The estate of the late pop superstar Michael Jackson sued HBO on Thursday, claiming that plans for the cable network to air a documentary detailing child molestation claims against the singer violate a 27-year-old contract.
The lawsuit claims that if HBO broadcasts "Leaving Neverland" as planned next month, it would breach nondisparagement language in a pact that allowed the channel to show "Michael Jackson in Concert in Bucharest: The Dangerous Tour."
The documentary, which premiered in January at the Sundance Film Festival in Utah, tells the story of Wade Robson and James Safechuck. Both men say they met Jackson as children when the "Thriller" singer was at the height of his fame in the late 1980s and early 1990s. They also say that he sexually abused them, beginning at age 7 in Robson's case and age 10 in Safechuck's, causing them trauma lasting into their adulthood. Robson and Safechuck received a standing ovation when they appeared for a Q-and-A session alongside director Dan Reed at Sundance.
The Jackson estate's lawsuit states in its opening sentence that "Michael Jackson is innocent. Period," and goes on to recount the criminal investigation and 2005 trial in which Jackson was acquitted, highlighting the conflicting statements through the years of Robson and Safechuck, who are described as "admitted perjurers" in the suit. Both men told authorities that Jackson did not molest them, later claiming they were abused in lawsuits filed after the singer's death and in graphic detail in "Leaving Neverland."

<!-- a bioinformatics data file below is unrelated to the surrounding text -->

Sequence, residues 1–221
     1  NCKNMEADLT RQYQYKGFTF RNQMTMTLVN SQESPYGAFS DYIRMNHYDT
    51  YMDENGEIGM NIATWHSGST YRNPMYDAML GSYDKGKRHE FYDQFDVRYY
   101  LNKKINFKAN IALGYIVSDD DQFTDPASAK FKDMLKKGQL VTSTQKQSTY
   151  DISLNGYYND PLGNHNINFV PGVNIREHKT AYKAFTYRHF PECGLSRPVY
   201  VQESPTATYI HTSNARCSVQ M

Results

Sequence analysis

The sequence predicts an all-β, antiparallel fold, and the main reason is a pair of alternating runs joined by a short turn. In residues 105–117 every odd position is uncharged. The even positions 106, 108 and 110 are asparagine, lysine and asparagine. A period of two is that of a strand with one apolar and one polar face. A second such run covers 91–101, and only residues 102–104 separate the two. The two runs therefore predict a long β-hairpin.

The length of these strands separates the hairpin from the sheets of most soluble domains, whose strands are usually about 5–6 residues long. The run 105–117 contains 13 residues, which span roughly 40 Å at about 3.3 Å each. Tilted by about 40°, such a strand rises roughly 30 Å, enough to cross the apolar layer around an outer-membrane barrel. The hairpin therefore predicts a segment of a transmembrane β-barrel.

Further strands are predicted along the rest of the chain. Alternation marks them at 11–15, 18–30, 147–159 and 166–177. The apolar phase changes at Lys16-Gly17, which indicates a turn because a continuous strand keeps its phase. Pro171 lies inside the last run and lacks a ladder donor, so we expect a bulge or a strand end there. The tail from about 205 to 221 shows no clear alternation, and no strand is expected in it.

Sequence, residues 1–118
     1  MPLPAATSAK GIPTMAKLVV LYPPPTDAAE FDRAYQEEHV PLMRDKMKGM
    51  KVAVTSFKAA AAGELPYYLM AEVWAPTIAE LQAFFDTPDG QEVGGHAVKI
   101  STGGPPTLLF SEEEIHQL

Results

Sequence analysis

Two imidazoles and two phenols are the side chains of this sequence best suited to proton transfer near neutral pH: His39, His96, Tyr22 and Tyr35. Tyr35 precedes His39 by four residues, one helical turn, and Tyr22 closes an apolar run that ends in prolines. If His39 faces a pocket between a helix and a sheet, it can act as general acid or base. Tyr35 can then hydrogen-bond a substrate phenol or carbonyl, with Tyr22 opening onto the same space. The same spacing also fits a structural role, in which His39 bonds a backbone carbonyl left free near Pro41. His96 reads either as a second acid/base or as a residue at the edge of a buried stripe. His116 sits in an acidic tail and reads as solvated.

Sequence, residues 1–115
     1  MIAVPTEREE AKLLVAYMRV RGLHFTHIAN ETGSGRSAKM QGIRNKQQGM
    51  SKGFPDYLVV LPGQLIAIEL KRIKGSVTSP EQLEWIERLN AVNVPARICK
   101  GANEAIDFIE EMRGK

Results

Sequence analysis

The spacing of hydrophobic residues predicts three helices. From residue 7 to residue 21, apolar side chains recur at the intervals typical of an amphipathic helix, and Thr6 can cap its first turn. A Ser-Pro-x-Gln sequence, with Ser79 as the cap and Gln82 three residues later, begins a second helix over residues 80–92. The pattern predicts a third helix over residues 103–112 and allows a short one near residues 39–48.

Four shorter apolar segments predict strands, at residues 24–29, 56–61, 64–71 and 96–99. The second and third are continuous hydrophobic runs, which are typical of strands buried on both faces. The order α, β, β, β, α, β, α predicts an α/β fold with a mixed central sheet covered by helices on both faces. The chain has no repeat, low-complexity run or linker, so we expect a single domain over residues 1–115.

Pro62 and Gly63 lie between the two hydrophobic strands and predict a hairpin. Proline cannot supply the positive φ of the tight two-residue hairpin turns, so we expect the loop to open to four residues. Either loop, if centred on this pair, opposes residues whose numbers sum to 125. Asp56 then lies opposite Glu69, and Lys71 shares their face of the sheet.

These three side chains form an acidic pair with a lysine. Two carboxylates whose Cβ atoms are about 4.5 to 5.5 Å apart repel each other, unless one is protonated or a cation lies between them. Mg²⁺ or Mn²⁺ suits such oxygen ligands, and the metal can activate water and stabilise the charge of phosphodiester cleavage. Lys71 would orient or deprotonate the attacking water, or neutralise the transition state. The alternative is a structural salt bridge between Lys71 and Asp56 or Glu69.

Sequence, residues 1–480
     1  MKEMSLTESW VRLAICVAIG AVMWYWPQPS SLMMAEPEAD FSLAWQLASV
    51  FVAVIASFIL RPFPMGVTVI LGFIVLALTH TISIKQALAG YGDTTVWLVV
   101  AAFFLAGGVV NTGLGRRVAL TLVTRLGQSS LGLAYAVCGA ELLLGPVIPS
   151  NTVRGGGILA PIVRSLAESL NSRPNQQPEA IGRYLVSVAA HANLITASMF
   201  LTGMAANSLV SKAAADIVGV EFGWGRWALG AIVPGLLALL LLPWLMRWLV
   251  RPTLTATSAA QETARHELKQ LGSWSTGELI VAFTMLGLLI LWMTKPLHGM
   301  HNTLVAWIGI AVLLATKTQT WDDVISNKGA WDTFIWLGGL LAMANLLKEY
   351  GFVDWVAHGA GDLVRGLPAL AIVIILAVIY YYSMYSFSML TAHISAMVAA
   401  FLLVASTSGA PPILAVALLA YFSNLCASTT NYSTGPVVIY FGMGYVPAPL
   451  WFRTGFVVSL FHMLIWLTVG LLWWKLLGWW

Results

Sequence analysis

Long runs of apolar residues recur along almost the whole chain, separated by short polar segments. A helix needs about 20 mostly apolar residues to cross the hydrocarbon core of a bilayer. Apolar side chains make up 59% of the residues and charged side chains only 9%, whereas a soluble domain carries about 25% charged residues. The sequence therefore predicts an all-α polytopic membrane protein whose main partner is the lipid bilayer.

"It is hard to imagine a more direct violation of the  non-disparagement clause," says the suit, which asks the court to order arbitration and says damages could exceed $100 million.
In Robson's lawsuit, which was filed in 2013, he claimed Jackson "brainwashed" him into testifying in his defense at the 2005 trial. He also told NBC's "Today" show that he was "psychologically and emotionally, completely unable and unwilling to understand that it was sexual abuse." The lawsuit against Jackson's estate was dismissed in 2015 after a California judge ruled the claim was untimely. Two more claims against companies Jackson owned during his lifetime were dismissed in December 2017.
Jackson's estate reiterates its claim in the lawsuit that it was irresponsible for the film not to include any defense of Jackson from those who knew him, or further fact checks of the men.
Reed, who is not named as a defendant in the lawsuit, dismissed that criticism in comments to The Associated Press published earlier Thursday.
The film is "the story of these two families and not of all the other people who were or weren’t abused by Michael Jackson,” Reed said. “How is interviewing a person who was friends with Jackson who saw nothing going to help me tell the story? The fact that Jackson for many hours in the day was not abusing children doesn’t mean that for several hours a day he wasn’t.”
HBO reaffirmed Thursday that its plans to air "Leaving Neverland" remain unchanged. The first installment of the four-hour documentary is scheduled to air on HBO on March 3, with the second half airing the following night. Britain's Channel 4 will air it around the same time.
"Michael is an easy target because he is not here to defend himself, and the law does not protect the deceased from defamation, no matter how extreme the lies are," the lawsuit states. "Michael may not have lived his life according to society's norms, but genius and eccentricity are not crimes."
The Associated Press contributed to this report.